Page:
"Cheese is easy to cut."
Translation:Le fromage est facile à couper.
Generality, universal truth: to be constructed with definite article le/la/les
I can't keep straight whether to say à couper or de couper. Is there a rule to remember when to use each?
The trick here is that a number of adjectives (facile/difficile are the most frequent) may change their postposition (à or de) depending on how the sentence is constructed, ie
• impersonal : "il est facile de" or "c'est facile de" + infinitive
• or not impersonal : "quelqu'un" or "quelque chose est facile à" + infinitive.
• il est difficile de refuser = impersonal construction meaning "we find it hard to refuse"
• elle est difficile à refuser = (l'invitation) est difficile à refuser
• il est difficile à décrire = (le tableau) est difficile à décrire
• il est difficile de décrire ce tableau
There are a few others: "dur", "bon", "commode", "pratique", "utile", "indispensable", maybe others that don't come to my mind.
• il est (c'est) dur de monter la pente / la pente est dure à monter
• il est (c'est) bon de connaître ce mot / ce mot est bon à connaître
• il est (c'est) commode d'utiliser cet outil / cet outil est commode à utiliser
• il est (c'est) pratique de manipuler ce couteau / ce couteau est pratique à manipuler
• il est (c'est) utile/indispensable de savoir les bases / les bases sont utiles/indispensables à savoir
thanks for that! Very good explanation. What about the other other adjectives, the ones that don't change their preposition? Do they all take de?
Wouldn't the French translation offered technically mean "THE cheese is easy to cut"? Shouldn't this English sentence really be translated as "DU fromage" rather than "LE fromage"?
Would you say "some cheese is easy to cut" ? probably not, you would rather say "it is easy to cut cheese" and then the French would be "il est facile de couper du fromage" because "du" would come after "couper" and not after verb être.
With the construction in English: cheese is easy to cut, you claim a general statement, "in general", as a fact that everybody would agree with. In that case the French uses definite article "le/la/les" and not the partitive "du" which would mean "a non definite quantity of cheese is easy to cut".
I don't quite follow why you say that it's OK to use "du" in your example, when it is still referring to the generality of "all" cheese.
What would the sentence: "il est facile de couper le fromage" mean then?
"Il est facile de couper le fromage" = It is easy to cut the cheese.
"Il est facile de couper du fromage = It is easy to cut cheese.
Cheese is easy to cut = Le fromage est facile à couper.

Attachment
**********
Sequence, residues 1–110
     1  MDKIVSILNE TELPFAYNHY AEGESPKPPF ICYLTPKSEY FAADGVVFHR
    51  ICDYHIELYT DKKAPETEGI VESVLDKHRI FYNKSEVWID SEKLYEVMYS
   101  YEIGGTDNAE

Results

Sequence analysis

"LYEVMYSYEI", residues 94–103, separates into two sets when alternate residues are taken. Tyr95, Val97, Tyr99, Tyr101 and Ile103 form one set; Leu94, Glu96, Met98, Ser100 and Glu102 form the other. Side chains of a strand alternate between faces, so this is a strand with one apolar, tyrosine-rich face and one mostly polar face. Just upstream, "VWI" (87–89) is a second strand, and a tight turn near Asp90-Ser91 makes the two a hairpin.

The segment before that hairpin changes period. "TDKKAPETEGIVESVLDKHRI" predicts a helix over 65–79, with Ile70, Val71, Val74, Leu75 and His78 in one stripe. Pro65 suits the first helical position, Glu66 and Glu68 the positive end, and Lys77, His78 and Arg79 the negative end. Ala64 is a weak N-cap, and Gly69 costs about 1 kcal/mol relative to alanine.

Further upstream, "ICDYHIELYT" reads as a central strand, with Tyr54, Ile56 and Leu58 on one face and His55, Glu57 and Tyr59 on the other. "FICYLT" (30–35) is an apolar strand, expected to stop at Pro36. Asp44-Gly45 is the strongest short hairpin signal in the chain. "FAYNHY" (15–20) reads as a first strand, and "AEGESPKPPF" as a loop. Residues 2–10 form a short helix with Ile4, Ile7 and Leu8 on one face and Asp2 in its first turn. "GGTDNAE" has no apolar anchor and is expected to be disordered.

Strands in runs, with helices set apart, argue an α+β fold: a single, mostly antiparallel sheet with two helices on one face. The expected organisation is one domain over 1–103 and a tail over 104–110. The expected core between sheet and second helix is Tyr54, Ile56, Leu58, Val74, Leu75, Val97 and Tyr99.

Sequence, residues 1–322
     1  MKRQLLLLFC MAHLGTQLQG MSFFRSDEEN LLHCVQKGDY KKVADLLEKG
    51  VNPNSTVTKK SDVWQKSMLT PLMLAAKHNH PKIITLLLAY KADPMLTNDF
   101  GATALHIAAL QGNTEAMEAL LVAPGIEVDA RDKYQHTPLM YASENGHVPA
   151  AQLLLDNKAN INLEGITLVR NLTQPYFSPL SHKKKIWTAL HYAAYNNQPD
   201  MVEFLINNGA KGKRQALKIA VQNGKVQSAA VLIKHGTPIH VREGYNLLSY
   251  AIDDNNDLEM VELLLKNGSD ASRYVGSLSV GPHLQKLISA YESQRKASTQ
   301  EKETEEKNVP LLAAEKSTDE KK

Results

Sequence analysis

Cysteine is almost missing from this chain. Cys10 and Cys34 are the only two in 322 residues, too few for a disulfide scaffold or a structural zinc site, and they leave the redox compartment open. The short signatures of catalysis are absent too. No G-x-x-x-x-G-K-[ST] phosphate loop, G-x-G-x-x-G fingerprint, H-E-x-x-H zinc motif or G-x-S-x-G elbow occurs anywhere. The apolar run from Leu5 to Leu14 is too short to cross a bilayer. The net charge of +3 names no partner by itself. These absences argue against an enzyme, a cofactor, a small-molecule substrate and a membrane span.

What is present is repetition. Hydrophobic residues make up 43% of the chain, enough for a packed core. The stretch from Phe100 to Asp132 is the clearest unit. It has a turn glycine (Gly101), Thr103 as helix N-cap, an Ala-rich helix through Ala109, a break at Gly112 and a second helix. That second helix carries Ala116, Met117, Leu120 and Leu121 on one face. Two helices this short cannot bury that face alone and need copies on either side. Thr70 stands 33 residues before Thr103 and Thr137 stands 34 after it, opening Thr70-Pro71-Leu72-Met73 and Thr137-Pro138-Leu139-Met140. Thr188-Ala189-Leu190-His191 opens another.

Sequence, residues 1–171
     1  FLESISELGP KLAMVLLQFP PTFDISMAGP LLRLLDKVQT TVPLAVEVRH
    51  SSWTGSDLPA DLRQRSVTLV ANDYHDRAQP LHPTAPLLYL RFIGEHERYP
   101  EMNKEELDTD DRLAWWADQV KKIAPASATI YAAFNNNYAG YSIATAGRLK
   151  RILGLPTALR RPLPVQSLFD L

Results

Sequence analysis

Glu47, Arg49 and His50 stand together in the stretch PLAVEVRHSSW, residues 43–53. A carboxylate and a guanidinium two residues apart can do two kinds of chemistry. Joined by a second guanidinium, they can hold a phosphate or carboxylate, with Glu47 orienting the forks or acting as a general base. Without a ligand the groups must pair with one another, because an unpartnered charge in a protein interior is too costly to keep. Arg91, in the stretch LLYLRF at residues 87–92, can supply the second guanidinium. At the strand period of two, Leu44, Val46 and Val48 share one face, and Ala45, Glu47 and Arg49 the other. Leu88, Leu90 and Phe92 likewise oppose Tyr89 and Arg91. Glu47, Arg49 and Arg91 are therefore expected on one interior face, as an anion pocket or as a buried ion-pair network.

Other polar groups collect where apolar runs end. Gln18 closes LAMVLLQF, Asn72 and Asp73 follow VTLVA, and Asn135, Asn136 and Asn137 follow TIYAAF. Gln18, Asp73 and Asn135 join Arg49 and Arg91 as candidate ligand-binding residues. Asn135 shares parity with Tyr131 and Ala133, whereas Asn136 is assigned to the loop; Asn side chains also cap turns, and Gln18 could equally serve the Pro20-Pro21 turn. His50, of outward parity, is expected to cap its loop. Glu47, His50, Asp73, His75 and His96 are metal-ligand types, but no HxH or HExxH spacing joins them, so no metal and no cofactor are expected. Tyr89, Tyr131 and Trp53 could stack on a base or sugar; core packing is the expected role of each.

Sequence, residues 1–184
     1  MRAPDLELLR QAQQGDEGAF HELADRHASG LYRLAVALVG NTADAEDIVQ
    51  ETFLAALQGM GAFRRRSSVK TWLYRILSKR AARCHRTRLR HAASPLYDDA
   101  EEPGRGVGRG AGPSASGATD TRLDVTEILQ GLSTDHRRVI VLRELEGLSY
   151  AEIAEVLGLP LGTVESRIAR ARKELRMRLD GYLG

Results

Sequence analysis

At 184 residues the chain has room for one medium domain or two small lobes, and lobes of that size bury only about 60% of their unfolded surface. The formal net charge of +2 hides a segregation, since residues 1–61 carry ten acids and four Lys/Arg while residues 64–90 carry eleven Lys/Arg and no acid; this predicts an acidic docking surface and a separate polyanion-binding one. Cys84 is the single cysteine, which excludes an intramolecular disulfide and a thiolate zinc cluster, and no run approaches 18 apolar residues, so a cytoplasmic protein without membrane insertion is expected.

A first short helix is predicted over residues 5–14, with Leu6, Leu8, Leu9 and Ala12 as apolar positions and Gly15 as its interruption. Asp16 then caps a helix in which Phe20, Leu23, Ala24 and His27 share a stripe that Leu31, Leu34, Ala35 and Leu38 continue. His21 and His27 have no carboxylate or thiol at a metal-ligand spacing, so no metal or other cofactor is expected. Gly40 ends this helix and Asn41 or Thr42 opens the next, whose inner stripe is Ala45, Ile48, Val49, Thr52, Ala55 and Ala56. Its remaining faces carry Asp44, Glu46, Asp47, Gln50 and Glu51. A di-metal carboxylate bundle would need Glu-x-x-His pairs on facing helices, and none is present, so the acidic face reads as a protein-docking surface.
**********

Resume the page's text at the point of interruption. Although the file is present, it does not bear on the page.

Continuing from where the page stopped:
The cheese is easy to cut = Le fromage est facile à couper.
The sentence is not refering to a certain amount of cheese. It is refering to cheese in general. "Cheese is easy to cut" so if some type of cheese is easy to cut i still don't see why you can't say "Du fromage". Yes, in english you wouldn't say "some cheese is easy to cut" but Du fromage" can be translated to just "cheese" so it should be accepted.
For this reason I put "c'est facile à couper du fromage" and still got it wrong
The preposition changes with the nature of the subject:
impersonal subject: il est / c'est facile de couper du fromage real subject: le fromage est facile à couper.
we have learned du / de la, and we know that means "some" or "not a certain...", but sometimes it is not directly translated. so agree with you!
Would it also be correct to say "Le fromage se coupe facilement"?
If I remember correctly, you can say "La baignoire se nettoie facilement."
Thanks. Which version sounds more natural, the reflexive one ("... se coupe facilement") or the more literal translation ("... est facile à couper")?
This is correct as an emphatic formula: "le fromage, (comma) c'est facile à couper"
It is correct and meaningful. But Duo intended to teach you the construction of "facile à + infinitive".
If we replace 'le' with 'de', is it still a sensible sentence? "De fromage est facile à couper."
You cannot replace a definite article by a preposition. Please back translate: "of cheese is easy to cut"
This sentence is a generality: in general, cheese is easy to cut.
In French, generalities use the definite articles le, la or les.
Can you say "Le fromage est facile de couper"? And when do I use à and de after an adjective?
There are tons of adjectives with an -e at the end in masculine, therefore identical in masculine and feminine:
Just a few of them for your information: vide, fade, dupe, rare, âcre, apre, pire, sage, sage, fixe, pauvre, large, calme, arabe, tiède, raide, acide, aride, avide, beige, belge, rouge, riche, moche, sale, ovale, noble, frêle, drôle, ample, digne, terne, jaune, avare, sobre, obèse, dense, lisse, leste, juste, vague, brave...
It would more or less suggest that you use the cheese to cut something else.
I'm still confused as to why we need the preposition at all. The infinitive includes the word "to", so what purpose does "à" serve?
In English "to cut" can be an infinitive or a specific construction with the preposition "to" + verb.
In French, infinitives are single words in their own right.
There are a few verbs that can be followed by an infinitive with no need for a preposition:
- aimer/aimer mieux, aller, compter, croire, daigner, devoir, entendre, espérer, faire, falloir, (s')imaginer, laisser, oser, penser, pouvoir, prétendre, savoir, sembler, sentir, valoir mieux, venir, voir and vouloir.
But after an adjective, you will always need a preposition, "à" or "de" to introduce an infinitive.